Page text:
The fascination with degrading the performance of our gear is interesting. On the one hand, why does a person spend thousands of dollars on equipment to want to do that? On the other, it can have some neat visual effects, even if that’s sometimes down to luck. Regardless of the reasons, or what kit is being used, it’s quite popular. Even if just to play and experiment with. In this video, the guys at the Cooperative of Photography (COOPH) show us 8 ways to make our own DIY lens filters to get some of these effects.
For me, there’s maybe 2 of these I might like to try at some point. For the rest, not so much. But that’s largely down to personal taste. They’re just not my thing.
1. Droplet filter
This one is one of those times I might actually recommend people use a UV filter. It’s not great to spray water straight into your front lens element. Even lens cleaning solutions specifically tell you “Don’t spray directly onto your front element”. They tell you to spray onto a microfiber lens cleaning cloth and then wipe the lens. So, yeah, if you’re going to try this one, I’d probably pop on a UV filter.
2. Lens Flare Filter
I actually quite like this one. Not necessarily the results they show in the video, but I like the idea of this one. It’s similar to another method commonly used to try to get anamorphic style lens flares with regular photography lenses.
Essentially, you just tape some short pieces of fishing line over the front of your lens. The sun and other light sources will hit it, reflect off it and refract through it, offering a unique look. Like I said, I’m not necessarily all that keen on the example shown in the video. But, it could be fun to experiment with.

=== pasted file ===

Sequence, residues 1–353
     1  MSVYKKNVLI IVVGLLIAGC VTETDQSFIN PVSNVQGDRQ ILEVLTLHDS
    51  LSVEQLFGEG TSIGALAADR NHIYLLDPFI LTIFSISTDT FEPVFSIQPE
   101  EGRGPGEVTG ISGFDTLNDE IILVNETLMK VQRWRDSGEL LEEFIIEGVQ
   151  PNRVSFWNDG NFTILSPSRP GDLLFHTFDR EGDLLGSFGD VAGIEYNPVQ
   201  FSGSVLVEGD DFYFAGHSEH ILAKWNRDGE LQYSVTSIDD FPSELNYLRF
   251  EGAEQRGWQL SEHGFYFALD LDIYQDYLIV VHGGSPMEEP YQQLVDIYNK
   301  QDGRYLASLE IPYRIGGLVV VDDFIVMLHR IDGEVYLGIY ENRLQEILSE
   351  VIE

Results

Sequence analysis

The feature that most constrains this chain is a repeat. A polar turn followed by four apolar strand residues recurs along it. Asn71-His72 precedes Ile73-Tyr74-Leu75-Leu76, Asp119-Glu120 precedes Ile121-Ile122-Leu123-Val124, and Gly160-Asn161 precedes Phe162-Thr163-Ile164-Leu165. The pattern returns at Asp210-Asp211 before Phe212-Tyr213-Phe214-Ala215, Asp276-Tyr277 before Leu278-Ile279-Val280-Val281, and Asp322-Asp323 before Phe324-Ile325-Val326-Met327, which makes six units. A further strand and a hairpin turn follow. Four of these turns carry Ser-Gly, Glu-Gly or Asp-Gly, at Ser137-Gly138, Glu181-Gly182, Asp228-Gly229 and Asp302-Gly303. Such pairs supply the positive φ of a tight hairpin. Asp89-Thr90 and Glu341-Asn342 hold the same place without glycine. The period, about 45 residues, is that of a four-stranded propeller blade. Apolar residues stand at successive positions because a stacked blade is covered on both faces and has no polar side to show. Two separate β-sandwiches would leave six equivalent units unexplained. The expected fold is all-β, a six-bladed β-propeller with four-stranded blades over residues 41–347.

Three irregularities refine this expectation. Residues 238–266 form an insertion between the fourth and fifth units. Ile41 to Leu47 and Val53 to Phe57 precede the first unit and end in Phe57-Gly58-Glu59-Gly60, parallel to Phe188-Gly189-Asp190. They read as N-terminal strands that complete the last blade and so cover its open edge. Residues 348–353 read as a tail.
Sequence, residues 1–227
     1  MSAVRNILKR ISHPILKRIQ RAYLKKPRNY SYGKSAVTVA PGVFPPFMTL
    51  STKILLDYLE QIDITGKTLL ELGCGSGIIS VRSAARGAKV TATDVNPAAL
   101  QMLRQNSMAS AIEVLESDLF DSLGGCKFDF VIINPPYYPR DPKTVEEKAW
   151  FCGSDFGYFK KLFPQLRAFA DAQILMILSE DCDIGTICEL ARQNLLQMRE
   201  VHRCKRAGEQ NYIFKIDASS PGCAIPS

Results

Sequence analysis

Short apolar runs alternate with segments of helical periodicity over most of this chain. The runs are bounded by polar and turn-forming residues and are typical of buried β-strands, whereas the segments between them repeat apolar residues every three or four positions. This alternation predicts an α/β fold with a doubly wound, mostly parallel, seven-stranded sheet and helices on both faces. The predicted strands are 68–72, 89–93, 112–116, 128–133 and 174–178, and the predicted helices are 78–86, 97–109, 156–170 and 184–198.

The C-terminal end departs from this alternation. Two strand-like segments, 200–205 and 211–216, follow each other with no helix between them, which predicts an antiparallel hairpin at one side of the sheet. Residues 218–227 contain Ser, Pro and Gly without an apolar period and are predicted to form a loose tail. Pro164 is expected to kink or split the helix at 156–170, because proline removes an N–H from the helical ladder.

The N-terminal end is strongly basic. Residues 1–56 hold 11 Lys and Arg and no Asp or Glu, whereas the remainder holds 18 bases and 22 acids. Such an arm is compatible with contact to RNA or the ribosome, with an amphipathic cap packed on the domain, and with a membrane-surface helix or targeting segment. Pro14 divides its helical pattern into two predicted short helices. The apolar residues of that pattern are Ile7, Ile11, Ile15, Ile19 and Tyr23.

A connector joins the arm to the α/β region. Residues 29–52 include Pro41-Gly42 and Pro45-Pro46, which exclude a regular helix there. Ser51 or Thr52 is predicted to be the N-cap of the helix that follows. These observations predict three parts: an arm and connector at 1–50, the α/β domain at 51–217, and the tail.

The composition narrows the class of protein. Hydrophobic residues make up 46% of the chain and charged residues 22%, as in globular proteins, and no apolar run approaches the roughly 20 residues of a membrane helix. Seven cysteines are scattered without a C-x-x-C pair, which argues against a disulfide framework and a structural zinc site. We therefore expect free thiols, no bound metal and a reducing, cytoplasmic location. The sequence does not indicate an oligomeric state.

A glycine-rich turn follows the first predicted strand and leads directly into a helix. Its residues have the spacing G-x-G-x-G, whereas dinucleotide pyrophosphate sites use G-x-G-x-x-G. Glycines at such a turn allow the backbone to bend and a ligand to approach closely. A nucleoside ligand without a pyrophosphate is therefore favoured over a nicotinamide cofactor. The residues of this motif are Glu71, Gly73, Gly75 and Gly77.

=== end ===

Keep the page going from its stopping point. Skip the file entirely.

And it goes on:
3. Fake Tilt-Shift
This is one of those that first makes you think “Huh?” and then “oh, cool, yeah, I can see how that would work” ending with “Well, it’s not tilt-shift, but it’s kinda cool”. This is made by cutting a circular disc the shape of your lens out of a ring binder wallet. The slightly textured one used for holding sheets of paper together in a folder. Then you cut out a slot in the middle.
Tape it over your lens, and shoot as normal. The main subject that’s in the cut out part of the lens will appear sharp. The other areas will appear diffused as the light passes through the plastic. It’s a neat effect. It’s not tilt-shift, but it’s still pretty neat. It would be cool to try this idea out with various Rosco or Lee gel filters to see what effect different types of filter have.
4. Plastic Filter
This is similar to the one above, except instead of cutting out a nice neat circle with a hole through which to see, you’re simply crumpling up sheets of clear plastic. You could also use cling film for this, too.
5. Wooly Filters
On the subject of hanging things in front of your lens, wool’s a colourful idea that could have some very interesting effects. If you’re going for a colour scheme, or want to add some complementary colours in the foreground out of focus, this could be a good way to do it.
6. Tinsel Filter
Like the last two, this involves hanging something in front of your lens. Like the wool it can be a great way to introduce out of focus colour into the foreground of your shot. But it also sparkles and reflects light back into your lens, too. I’m sure all of us still have some leftover tinsel laying around somewhere. This is one I might have to have a go at.
7. Foggy Filter
This is one I can’t say that I really recommend. In fact, it’s something we actively recommend not doing when it comes to cleaning your lenses, and that’s breathing on the glass. Our breath contains all kinds of things that can end up stuck on the front of our lenses, and personally, I don’t think this look is that great. So, if you are going to try it, make sure you have some proper lens cleaning solution and cloths nearby.
8. Bubble Filter
This one might need a little help from a friend. Or, a tripod and a remote trigger. For me, I think if I were going to try this, I’d want the subject much further back so the bubbles in the foreground were much more out of focus. But your tastes may differ. And I did say “if”. Chances are, I won’t be rushing to try this one.
Out of these, I think the tinsel & lens flare effects will have to go on my list for future possible experimentation.
What things do you put between your lens and subject to help create interesting looks?